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Case No: B4/2012/0589
Neutral Citation Number: [2012] EWCA Civ 743
IN THE COURT OF APPEAL (CIVIL DIVISION)
ON APPEAL FROM SUNDERLAND COUNTY COURT
(HIS HONOUR JUDGE WOOD)
Royal Courts of Justice
Strand, London, WC2A 2LL

Date: Thursday 16th May 2012

Before:

LORD JUSTICE THORPE
LADY JUSTICE RAFFERTY
and
MR JUSTICE NORRIS
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IN THE MATTER OF H (CHILDREN) 

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(DAR Transcript of
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Mr Stephen Ainsley (instructed by Beecham Peacock LLP) appeared on behalf of the Appellant.

Mr Justin Gray and Mr John O'Sullivan (instructed by Sunderland City Council) appeared on behalf of the Respondent.
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Judgment

(As Approved by the Court)

Crown Copyright ©

Lord Justice Thorpe:
1. This is an appeal from HHJ Wood sitting in Sunderland from orders that he made on 20 February, which were respectively care orders and placement orders in respect of three children: L, who was seven; J, who was five; and K, who was one; all that at the date of trial. 

2. The case comes to us as a consequence of orders made by Black LJ on 22 March setting up a full scale hearing of the appellant's notice, which was filed in this court on 6 February following an unsuccessful application for permission to appeal mounted by mother's counsel in the aftermath of judgment.  Now the case before the judge was undoubtedly an unusual case, a difficult case and a finely balanced case.  To explain that, I start by saying that the parents of the children are both Chinese; they married in 2005, having met in this country in 2003.  At that stage the mother was a student and the father was a chef.  He has continued in that occupation ever since.  Now, what has bedevilled the relationship between the parents and clouded family life has been the mother's unstable mental health.  She has suffered from schizophrenia since 2003 and, as the judge recorded, she has suffered relapses virtually on an annual basis, up to the beginning of the year 2011.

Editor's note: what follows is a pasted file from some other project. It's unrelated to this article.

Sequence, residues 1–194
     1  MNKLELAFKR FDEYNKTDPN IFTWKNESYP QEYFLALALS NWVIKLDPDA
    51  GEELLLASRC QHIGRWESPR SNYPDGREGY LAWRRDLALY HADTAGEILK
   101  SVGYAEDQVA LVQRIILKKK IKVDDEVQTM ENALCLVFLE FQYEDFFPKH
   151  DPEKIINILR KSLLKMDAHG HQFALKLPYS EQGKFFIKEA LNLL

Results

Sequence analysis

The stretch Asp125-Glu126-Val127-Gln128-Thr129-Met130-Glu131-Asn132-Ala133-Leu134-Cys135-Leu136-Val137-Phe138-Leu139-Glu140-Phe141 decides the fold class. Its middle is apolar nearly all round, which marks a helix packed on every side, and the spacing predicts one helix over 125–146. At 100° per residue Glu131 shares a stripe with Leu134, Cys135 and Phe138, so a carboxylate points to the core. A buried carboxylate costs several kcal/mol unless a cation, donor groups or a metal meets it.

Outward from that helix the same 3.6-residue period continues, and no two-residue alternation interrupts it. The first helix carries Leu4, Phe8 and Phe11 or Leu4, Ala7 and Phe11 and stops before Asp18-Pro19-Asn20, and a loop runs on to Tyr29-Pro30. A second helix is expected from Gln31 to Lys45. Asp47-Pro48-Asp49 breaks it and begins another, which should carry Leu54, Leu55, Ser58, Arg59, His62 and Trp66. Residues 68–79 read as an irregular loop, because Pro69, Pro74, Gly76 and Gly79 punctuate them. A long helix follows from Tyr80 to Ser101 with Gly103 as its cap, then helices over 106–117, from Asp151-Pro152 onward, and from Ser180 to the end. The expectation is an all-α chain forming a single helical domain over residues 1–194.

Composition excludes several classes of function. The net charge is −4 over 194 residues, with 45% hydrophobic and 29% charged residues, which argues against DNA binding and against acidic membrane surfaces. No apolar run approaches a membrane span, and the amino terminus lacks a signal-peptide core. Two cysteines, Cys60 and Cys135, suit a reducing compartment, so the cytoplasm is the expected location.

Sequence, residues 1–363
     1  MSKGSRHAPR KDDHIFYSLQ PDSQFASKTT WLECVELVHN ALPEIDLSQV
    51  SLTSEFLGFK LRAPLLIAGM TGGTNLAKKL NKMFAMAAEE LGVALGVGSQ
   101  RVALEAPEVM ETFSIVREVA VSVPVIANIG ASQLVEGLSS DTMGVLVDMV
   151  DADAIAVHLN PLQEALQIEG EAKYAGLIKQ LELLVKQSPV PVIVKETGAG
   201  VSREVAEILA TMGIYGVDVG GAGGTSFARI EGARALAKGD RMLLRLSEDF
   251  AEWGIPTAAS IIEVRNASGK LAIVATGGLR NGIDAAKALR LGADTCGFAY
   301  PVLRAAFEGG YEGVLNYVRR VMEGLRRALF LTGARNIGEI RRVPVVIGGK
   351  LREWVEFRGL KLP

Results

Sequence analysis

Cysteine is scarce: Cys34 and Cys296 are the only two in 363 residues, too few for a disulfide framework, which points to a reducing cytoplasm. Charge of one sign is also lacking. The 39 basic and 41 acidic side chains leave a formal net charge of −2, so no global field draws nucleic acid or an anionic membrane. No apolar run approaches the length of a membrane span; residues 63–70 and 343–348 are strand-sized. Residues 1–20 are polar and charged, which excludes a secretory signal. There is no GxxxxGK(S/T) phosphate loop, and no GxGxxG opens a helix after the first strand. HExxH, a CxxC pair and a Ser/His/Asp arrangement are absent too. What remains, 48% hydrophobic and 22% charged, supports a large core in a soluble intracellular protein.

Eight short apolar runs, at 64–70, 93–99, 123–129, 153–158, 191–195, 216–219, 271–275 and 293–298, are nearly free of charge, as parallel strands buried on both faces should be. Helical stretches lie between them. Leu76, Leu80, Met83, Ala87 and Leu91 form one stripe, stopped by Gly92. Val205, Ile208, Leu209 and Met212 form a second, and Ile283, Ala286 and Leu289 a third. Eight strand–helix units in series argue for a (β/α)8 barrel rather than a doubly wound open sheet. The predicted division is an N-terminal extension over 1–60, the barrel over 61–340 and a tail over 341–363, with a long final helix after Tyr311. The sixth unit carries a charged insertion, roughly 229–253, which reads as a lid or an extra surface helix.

3. Another threatening ingredient has been domestic violence.  The mother has suffered domestic violence at the hands of the father, and even one of the children has apparently, on more than one occasion, been hit by her father.  In context the mother's behaviour during periods of relapse has been extremely difficult for anybody to cope with, and that consideration obviously mitigates the father's responsibility for the disharmony.